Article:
Jenni Mäenpää & Laura Ahva
Analyzing influences on study time and working life on the socialization of journalist: A comparison based on work experience: newcomers, settled and experts
The article scrutinizes the Finnish journalistic culture from the perspective of how the journalism students and professionals understand their ethical principles and their role in the society. The theoretical framework of the article combines research on journalistic careers and the concept of occupational socialization. The article sheds light especially on the question: what kinds of understandings the two central environments of socialization, the study and working life, may effect. In addition, inside the journalistic field we will compare three different groups created on the basis of work experience: newcomers (very little or no work experience), settled (less than 15 years of work experience), and experts (more than 15 years of work experience). The newcomers operate in the context of education and the settled and experts in the context of working life. The article is based on a quantitative analysis of two surveys (N=631). The results indicate that the respondents are quite unanimous on the questions related to the ethics and the roles of journalists in the society. In Finland, especially the professional moral-ethical ethos is consistent and it is guided by the shared ideals. There is some variation in the field, however: the clearest differences are to be found between the students and the journalists from the working life – not necessarily between the groups based on work experience. Working life seems to be a context of socialization that creates cohesion. In the Finnish context, the role of professional journalists as detached reporters is emphasized, whereas the students emphasize the active and effective roles of journalists.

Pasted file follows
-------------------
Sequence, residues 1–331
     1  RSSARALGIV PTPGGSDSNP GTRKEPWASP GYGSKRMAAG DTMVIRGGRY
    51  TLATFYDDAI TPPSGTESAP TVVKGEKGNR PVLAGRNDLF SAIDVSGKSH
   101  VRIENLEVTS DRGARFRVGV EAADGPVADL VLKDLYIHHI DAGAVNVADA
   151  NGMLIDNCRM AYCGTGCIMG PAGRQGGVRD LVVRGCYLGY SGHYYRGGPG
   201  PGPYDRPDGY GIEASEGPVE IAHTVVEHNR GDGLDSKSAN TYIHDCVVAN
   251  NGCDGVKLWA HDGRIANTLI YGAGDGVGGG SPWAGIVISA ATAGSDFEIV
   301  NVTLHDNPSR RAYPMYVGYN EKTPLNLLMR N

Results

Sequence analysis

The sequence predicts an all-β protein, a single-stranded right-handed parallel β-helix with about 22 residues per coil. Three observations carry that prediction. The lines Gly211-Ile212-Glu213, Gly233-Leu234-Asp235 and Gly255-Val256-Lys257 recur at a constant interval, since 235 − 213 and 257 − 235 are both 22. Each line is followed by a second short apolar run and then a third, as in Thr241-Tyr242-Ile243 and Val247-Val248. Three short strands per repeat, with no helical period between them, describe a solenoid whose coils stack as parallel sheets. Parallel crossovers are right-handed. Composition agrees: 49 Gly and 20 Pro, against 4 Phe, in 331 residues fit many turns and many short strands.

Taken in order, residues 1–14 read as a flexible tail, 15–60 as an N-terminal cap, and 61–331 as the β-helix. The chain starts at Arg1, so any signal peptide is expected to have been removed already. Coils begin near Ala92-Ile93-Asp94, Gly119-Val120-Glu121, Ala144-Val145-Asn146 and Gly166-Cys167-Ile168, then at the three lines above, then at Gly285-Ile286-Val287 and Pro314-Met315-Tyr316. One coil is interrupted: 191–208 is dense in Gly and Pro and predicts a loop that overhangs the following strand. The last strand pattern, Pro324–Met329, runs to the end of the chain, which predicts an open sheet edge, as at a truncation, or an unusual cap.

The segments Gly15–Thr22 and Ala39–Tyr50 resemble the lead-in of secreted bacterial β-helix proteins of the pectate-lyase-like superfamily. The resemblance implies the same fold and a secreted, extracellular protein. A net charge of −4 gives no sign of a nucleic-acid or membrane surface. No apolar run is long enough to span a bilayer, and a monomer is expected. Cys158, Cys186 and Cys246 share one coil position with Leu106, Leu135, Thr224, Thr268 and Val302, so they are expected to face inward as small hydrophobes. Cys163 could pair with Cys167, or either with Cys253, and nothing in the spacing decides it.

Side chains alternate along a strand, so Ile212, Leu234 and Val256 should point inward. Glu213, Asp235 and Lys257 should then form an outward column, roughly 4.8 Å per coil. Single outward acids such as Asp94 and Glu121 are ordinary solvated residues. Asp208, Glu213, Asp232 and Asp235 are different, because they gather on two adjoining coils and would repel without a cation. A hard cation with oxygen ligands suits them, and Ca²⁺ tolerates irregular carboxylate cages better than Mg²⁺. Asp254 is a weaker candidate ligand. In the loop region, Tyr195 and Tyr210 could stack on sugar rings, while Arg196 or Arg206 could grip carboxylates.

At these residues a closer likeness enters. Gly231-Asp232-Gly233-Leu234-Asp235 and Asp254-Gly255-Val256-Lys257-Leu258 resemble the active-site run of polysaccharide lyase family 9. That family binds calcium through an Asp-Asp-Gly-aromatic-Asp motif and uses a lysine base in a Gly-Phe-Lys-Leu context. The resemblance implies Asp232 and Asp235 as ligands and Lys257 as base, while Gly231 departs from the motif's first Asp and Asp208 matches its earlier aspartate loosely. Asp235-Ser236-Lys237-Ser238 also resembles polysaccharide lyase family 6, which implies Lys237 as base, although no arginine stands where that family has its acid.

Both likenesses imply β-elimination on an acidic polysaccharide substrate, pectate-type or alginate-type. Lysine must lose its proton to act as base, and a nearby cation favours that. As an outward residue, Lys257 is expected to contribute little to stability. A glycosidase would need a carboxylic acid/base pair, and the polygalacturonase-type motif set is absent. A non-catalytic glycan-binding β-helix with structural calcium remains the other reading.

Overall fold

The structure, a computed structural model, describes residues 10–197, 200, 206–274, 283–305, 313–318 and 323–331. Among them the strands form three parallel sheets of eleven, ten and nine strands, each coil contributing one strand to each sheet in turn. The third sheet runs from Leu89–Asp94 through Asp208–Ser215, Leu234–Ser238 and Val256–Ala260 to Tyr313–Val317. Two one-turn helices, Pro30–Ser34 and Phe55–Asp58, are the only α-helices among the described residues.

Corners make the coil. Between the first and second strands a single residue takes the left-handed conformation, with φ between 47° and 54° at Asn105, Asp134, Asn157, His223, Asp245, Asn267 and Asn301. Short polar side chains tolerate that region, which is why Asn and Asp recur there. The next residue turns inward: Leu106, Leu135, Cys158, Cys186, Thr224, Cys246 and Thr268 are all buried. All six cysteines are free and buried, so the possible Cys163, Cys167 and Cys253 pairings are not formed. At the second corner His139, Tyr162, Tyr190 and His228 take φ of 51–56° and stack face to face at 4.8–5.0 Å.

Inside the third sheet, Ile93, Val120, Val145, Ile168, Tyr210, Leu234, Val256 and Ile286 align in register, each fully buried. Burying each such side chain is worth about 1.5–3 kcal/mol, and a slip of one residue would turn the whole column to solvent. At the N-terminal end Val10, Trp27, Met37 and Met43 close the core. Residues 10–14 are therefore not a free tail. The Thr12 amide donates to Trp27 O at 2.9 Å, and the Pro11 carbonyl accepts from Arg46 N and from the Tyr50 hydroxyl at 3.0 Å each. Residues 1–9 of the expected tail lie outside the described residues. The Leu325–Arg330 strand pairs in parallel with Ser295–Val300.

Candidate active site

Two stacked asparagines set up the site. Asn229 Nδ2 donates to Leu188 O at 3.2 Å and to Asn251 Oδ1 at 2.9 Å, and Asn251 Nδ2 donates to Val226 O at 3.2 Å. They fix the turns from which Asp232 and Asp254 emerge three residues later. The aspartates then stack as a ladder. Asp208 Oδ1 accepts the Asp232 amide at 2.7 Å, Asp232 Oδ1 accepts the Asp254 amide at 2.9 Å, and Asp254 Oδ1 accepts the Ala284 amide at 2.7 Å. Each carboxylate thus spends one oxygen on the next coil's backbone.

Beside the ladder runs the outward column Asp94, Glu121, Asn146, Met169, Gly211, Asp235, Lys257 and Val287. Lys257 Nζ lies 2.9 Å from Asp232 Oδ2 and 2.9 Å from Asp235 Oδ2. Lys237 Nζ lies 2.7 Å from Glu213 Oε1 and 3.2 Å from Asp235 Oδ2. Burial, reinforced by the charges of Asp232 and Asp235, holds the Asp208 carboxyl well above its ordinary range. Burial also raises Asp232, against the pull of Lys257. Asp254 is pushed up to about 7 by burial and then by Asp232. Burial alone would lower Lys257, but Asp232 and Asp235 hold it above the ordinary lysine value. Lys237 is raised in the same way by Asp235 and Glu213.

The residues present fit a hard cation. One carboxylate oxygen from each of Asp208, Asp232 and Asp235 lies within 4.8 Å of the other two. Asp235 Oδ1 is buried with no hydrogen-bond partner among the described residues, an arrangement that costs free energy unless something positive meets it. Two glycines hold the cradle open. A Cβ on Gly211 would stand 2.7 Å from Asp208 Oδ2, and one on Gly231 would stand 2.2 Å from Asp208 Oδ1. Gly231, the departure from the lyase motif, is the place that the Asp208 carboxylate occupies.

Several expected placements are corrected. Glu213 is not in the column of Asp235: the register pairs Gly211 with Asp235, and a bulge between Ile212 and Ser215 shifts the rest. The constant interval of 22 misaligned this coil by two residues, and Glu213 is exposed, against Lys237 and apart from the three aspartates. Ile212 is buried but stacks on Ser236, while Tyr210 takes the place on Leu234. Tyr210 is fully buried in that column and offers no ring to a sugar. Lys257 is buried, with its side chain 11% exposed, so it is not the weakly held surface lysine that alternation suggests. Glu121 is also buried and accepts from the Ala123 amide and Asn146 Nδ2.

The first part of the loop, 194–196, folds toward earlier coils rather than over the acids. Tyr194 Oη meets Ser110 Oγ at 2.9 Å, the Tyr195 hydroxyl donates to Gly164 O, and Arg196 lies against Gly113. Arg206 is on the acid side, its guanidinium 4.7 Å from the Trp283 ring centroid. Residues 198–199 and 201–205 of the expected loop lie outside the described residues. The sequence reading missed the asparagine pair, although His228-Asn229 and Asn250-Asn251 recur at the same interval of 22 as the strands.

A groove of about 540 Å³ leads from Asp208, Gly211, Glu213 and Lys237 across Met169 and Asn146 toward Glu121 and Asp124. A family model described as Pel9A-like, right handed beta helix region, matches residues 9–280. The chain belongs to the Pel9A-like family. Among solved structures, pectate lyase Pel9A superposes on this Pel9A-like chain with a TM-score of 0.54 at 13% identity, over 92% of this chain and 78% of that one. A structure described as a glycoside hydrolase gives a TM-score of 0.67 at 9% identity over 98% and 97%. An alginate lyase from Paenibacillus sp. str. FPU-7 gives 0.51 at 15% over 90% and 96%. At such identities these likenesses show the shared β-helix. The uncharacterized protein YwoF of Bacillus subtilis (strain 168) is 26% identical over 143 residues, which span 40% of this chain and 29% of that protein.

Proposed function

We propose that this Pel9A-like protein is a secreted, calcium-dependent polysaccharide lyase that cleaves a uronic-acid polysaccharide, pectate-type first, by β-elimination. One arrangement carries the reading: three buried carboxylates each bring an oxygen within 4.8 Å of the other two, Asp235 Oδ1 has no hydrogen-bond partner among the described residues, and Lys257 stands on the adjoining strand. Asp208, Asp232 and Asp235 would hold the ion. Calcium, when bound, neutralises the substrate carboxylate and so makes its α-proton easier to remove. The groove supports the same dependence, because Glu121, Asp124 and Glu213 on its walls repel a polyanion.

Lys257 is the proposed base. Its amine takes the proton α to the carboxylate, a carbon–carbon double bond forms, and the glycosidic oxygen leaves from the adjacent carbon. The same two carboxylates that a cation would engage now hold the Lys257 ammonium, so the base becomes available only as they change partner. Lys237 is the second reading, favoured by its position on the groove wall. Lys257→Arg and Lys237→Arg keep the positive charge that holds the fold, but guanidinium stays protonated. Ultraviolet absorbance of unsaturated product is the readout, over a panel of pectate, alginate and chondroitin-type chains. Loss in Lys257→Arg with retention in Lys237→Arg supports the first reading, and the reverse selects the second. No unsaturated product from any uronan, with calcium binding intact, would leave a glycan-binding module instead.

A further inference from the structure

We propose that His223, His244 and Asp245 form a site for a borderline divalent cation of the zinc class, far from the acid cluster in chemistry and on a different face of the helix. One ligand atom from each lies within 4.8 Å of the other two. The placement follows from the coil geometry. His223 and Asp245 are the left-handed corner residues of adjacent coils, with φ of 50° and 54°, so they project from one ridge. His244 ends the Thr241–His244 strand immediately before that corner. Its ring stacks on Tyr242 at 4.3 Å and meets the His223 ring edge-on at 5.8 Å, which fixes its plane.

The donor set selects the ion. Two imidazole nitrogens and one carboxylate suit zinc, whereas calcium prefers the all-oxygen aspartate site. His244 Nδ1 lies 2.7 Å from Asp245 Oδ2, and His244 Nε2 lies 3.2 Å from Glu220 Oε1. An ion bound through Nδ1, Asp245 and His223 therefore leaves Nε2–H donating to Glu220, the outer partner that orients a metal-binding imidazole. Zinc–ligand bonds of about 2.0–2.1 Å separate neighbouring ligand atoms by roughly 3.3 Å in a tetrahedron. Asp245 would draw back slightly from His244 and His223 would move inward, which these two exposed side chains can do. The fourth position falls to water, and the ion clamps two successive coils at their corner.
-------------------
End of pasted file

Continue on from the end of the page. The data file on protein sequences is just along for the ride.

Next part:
Key words: professional ethics, professional, socialization, journalism students, journalists, journalist role, work experience
Inclusive risk communication in the case of contradiction:
A case study on mobile telecommunications technology
The research participates in the theoretical discussion on science communication by considering the implementation of inclusive risk communication in a case of contradictory information. The case study is about potential harmful effects connected to electromagnetic fields (EMF), for example, the potential adverse health effects from mobile phone radiation – the subject of often controversial public debate since the 1990s. The case is analyzed using the classification of risk scenarios by Ortwin Renn. On the basis of the analysis, the case represents a risk type characterized by high uncertainty and ambiguity, which requires the participatory involvement of a broad range of stakeholders to openly discuss competing arguments, beliefs, and values. However, experts perceive communication, above all, from the point of view of the transfer of information, and the interactive side of communication remains in the marginal. The analysis also shows that experts consider communication as problematic due to contradictory information reported to the public. It is discussed in the conclusions how to process a contradictory scientific issue in order to create a more genuine inclusive process.
Key words: risk communication, public engagement of science; environmental risks, health risks, mobile telecommunications technology, electromagnetic fields